This weekend the Austin Independent School District pocketed 11 grand by letting the Celebration Church, a nondenominational congregation in Georgetown, use its performing arts center. Some people were pissed:
Gay rights political activist groups stood outside the Austin school district performing arts center Sunday morning chanting and waving pride flags and signs to protest against a church that opposes gay marriage and criticize the district for renting the facility to the church.
Reporting on the controversy earlier this month, the Austin Chronicle highlighted some of the Church’s beliefs:
The “Beliefs” section of the church’s website reads, “Marriage is sanctioned by God – joining one man and one woman in a single, exclusive union.” The website goes on to condemn “homosexuality, bisexual conduct … or any attempt to change one’s sex, or disagreement with one’s biological sex” as “sinful and offensive to God.” An expanded section on the church’s marriage policy indicates that anyone who volunteers, works with, or becomes a member of the church must abide by this set of views.
For some additional context, the church’s website explicitly says that it welcomes all people, “regardless of age, race, sexual orientation, religion or political beliefs” before it condemns sexual behavior that is not endorsed by the Bible. This is pretty standard “love the sinner, hate the sin” Christian doctrine.
The Celebration Church espouses backwards views on human sexuality. But so do most churches. Even many liberal churches struggle to reconcile their desire to adopt more progressive views on sexuality with Church doctrine and/or the text of the Bible. Should AISD also refuse business from Catholic dioceses? (Particularly in light of the most recent Church child abuse revelations, I suspect many of my readers would quickly respond in the affirmative) What about the many “welcoming” United Methodist Church congregations throughout the city that are nevertheless bound by church doctrine that prohibits gay people from serving in the clergy?
This makes me recall a conversation with fellow members of the editorial board of my college newspaper, the Badger Herald, back in 2008. I was tasked with writing an editorial endorsing then-Rep. Tammy Baldwin, D-Wis., who has since become the first openly gay U.S. Senator. Addressing the issue of gay marriage, I wrote something along the lines of how we needed to “reject the prejudices of our parents and grandparents.” A colleague objected to the line, saying he didn’t like the idea of insulting our forebears. I said I didn’t view it as an insult, but just as an acknowledgement that progress almost always involves shedding some of the beliefs passed down to us by people we love and respect. The same is true of the nation’s founding fathers and founding documents: they are still a valuable source of wisdom on a number of topics, but they also got a lot of things wrong (see: slavery, electoral college).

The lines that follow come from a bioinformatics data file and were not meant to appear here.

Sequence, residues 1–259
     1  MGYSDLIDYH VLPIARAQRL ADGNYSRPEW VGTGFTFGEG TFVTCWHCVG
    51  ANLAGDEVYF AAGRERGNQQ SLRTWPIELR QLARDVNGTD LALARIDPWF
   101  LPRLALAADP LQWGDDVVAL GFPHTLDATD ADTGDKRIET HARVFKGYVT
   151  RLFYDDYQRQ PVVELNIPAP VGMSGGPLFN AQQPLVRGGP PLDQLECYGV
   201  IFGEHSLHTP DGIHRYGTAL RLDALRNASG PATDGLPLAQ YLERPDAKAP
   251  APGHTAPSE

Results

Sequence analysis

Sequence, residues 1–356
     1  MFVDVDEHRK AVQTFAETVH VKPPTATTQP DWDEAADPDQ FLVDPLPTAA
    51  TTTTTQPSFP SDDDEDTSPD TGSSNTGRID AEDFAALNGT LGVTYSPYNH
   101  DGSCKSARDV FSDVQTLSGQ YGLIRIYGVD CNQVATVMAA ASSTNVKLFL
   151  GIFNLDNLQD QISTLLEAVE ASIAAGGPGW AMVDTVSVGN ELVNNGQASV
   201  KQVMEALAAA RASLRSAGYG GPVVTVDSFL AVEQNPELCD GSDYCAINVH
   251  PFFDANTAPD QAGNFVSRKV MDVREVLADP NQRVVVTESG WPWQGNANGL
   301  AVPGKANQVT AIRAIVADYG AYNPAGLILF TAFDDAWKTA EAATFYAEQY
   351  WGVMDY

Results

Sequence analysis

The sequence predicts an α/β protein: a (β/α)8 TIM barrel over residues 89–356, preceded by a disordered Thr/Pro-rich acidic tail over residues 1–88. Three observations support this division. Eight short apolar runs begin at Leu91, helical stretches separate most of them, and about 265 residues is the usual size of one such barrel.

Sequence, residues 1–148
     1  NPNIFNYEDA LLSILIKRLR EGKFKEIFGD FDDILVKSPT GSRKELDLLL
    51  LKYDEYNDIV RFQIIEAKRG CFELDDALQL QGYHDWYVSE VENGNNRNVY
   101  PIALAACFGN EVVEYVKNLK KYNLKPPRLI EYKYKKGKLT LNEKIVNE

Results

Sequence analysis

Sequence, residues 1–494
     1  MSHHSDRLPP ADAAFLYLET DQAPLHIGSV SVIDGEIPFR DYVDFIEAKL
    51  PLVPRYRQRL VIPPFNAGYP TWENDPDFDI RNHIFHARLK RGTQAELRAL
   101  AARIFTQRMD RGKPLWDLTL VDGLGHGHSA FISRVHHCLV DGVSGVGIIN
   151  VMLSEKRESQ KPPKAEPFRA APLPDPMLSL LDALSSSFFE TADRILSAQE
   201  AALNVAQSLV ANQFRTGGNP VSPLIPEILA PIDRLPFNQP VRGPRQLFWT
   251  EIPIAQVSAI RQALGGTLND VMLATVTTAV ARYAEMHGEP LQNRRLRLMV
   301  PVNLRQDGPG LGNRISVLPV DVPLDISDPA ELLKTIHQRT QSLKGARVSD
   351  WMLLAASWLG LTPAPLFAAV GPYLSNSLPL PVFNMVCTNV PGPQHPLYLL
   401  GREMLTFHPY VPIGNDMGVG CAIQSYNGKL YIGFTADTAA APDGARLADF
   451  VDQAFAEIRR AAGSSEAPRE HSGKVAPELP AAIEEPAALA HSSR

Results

I’m not a Christian and I’m happy to see the ranks of atheists and agnostics increase in the U.S., but I also know that progress in this country cannot take place without the support of Christians, including many Christians who are members of conservative churches. The incredible gains made by the gay rights movement over the past decade are not the result of millions of Christians renouncing their religion, but rather the millions who were able to change their views on homosexuality without leaving the Church.
There is likely some additional context I lack, but based just on its website, what the Celebration Church says about sexuality and gender hardly makes it an outlier in Christendom. If you check out the websites of most of the major nondenominational churches in Austin, they might not specify their views on those issues, but their insistence that the Bible is the “inerrant” word of God doesn’t leave much room for interpretation. And yet, I can guarantee you that all of these churches have members who are not anti-gay.
If we lived in Denmark, it would be much easier to blackball homophobic religions from mainstream society. But that’s not the society we live in. Instead, we live in a society where people are progressively adopting more tolerant views on sexuality and gender but there is a very large minority who cling to more conservative views. Trying to shame that group out of existence may appear to work in liberal enclaves, such as Austin, but overall it’s a terrible strategy that fuels the right-wing resentment machine that put Trump in the White House.
In conclusion, my guess is that AISD knew that canceling the event would lead to some pretty nasty political and legal implications far greater than the small protest they endured over the weekend. Denying access to a church would have very likely invited a First Amendment lawsuit and all kinds of exploitative attention from the Abbott/Patrick/Paxton brigade.
Even if the school district is allowed to pick and choose who it rents space to, that’s not a position that it wants to be in. If they’re going to tell a would-be customer that his money is no good, they likely only want to do that in extraordinary cases: the KKK or the Nazi Party, for instance. Or maybe the InfoWars convention, come to think of it.
I guess AISD could simply not rent out its spaces. But from what I hear, Austin public schools aren’t in a position to turn down money.